by Nicole Harmon of Hair Liberty 

Back in the day, our mothers and grandmothers had very few hair products to choose from. They were forced to “make it work” with what they had. Some of their old school methods worked pretty well because many of us have childhood pictures featuring beautiful Rudy Huxtable-style ponytails. Today, we have access to a whole new set of tools and products. Some of those old methods need to be left in the past, while others have stood the test of time.



Old School Method: Petrolatum and Mineral Oil-based styling products

I’m referring to all styling products that contain petrolatum, mineral oil or any type of wax in the top 5. Examples include Blue Magic, Luster’s Pink Oil Moisturizer, Organic Root Stimulator Olive Oil Nourishing Sheen Spray, and Clairol Vitapointe. Back in the day, petrolatum and mineral-oil based products laid down fly aways and made our hair shine better than anything else could.



Why petrolatum and mineral oil-based products worked

Petrolatum, mineral oil, and wax are heavy emollients. Emollients are ingredients that leave a smooth, soft coating on the hair. Heavy emollients literally weigh the hair down with a thick coating that smoothes the cuticle.



Why petrolatum and mineral oil-based products are old school

The heavy, greasy look that comes from petrolatum and mineral oil is outdated. If you have relaxed hair or fine-medium natural hair, heavy emollients will leave your hair looking thin and stiff. To get soft, fluffy hair, most women need products light enough to smooth the cuticle without leaving an oily residue. If you have thicker strands, you might like the effect petrolatum and mineral oil have on your hair. If so, you should definitely continue using them.



The Modern Option: Silicone oils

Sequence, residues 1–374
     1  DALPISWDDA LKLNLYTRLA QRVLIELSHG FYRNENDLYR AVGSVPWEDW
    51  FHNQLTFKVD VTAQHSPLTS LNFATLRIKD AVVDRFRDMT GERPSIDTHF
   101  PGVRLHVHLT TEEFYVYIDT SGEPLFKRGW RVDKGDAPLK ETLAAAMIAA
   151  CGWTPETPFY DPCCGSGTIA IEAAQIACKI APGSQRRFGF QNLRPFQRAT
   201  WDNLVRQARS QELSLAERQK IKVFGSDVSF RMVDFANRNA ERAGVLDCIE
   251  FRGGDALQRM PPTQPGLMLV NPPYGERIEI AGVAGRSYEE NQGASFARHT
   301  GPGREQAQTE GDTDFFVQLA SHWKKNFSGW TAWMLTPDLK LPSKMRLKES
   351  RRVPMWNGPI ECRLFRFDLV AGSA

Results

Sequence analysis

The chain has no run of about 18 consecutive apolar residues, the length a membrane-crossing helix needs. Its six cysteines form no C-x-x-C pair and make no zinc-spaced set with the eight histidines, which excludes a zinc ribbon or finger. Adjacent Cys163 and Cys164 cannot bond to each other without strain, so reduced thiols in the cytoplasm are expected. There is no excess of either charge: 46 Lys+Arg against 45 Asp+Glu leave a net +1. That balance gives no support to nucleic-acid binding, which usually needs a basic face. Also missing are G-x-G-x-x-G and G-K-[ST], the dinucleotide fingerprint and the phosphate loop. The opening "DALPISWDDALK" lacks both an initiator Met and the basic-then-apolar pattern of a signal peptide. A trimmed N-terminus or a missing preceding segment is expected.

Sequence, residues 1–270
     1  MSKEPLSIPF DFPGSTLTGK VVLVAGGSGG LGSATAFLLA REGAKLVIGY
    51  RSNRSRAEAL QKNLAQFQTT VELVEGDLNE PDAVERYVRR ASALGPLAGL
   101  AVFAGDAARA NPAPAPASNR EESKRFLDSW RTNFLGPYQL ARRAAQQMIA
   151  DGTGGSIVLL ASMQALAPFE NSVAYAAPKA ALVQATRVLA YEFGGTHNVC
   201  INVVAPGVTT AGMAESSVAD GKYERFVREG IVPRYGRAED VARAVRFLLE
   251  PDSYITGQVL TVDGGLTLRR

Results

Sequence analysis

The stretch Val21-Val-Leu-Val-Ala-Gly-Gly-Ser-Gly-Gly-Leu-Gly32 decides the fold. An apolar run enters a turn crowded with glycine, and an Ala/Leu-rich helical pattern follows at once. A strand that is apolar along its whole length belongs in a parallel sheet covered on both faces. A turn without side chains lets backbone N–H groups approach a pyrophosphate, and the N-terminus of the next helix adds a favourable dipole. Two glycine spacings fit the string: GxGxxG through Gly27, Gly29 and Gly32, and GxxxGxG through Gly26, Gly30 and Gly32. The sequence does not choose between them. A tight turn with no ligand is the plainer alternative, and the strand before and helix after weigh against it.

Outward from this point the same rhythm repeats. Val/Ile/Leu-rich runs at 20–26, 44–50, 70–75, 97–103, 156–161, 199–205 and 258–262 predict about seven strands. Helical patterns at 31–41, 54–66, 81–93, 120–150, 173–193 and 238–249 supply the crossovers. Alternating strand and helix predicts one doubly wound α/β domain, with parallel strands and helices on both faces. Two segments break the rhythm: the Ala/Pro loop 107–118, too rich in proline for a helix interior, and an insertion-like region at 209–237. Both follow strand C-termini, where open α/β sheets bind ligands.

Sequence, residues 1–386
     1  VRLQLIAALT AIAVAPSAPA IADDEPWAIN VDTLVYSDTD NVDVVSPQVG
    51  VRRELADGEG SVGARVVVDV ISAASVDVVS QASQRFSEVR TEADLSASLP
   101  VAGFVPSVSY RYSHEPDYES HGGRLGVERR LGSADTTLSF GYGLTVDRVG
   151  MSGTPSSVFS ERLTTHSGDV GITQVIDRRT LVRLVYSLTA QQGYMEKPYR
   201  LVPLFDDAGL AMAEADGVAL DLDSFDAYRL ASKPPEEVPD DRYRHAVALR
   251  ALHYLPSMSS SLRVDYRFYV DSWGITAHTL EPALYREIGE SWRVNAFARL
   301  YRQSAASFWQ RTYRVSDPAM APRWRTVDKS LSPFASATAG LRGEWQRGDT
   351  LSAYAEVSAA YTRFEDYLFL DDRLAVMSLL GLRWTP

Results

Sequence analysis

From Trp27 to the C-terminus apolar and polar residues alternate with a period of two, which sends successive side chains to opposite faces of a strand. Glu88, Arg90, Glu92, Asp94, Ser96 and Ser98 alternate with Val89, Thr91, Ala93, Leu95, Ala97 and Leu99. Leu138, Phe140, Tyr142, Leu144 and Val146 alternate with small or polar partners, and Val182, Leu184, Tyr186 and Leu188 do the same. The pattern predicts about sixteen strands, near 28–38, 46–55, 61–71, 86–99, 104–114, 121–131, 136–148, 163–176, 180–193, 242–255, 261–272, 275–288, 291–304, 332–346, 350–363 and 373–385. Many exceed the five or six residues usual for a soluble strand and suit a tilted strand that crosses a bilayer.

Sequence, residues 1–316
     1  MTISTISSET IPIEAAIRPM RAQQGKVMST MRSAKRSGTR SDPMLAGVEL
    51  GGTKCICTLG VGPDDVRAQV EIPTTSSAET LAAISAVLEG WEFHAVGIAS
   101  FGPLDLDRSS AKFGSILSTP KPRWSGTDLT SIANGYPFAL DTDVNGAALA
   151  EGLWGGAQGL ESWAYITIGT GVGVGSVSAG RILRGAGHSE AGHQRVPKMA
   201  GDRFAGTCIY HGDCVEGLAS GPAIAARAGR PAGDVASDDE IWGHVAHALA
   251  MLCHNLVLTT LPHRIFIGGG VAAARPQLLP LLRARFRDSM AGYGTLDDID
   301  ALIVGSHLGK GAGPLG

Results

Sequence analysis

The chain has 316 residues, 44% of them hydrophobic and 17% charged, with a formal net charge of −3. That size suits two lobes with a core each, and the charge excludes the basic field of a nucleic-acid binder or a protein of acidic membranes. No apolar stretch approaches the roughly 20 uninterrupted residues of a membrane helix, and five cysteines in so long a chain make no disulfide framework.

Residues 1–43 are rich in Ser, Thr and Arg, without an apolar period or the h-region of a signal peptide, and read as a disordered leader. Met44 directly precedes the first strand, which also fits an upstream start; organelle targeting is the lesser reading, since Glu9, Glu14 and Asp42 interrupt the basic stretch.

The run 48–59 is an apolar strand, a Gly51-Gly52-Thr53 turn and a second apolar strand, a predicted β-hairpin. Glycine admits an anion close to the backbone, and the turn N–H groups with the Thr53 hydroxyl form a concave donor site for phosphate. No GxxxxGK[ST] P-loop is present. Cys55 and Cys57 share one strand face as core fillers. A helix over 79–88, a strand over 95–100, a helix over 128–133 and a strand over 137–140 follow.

Years of scientific research have made it possible to get the benefits of petrolatum and mineral oil without the greasiness. In 1998, cosmetic manufacturers began replacing the heavy emollients in hair products with the lighter types of emollients they were using in skin products. The newer lightweight emollients are called “silicone oils”. Silicones are synthetic oils. Examples include dimethicone, cyclopentasiloxane, and phenyl trimethicone. Silicone oils are also used in lotions, face creams, and skin medications. These days, hair products from almost every brand contain silicones including Motions, Carol’s Daughter, Pantene, Nexxus, and many more. To learn more about silicones, read Synthetic Oils to Combat Dry Hair at HairLiberty.org.



Old School Method: Hot Combs

Hot combs are metal combs that heat on a home stove top or in a professional ceramic heater stove. They used to be the go-to tool to straighten African American hair. Electric hot combs are also available.



Why Hot Combs worked

Hot combs were used for decades before relaxers were invented. Ceramic stoves can heat the hot comb up to 500 °F which is more than enough heat to transform tight natural coils to stick straight hair with 1 or 2 strokes.

Why Hot Combs are old school

Pressing combs can cause severe heat damage. Healthy coils and curls usually have a similar texture throughout but just a few styling sessions with a hot comb can leave the hair permanently and unevenly straighter. Some call that “heat-training” the hair. Heat damage is irreversible, which means once your natural texture is gone you won’t be able to get it back. Sadly, there are no products that can repair or “define” heat-damaged curls and coils (so don’t waste your money!).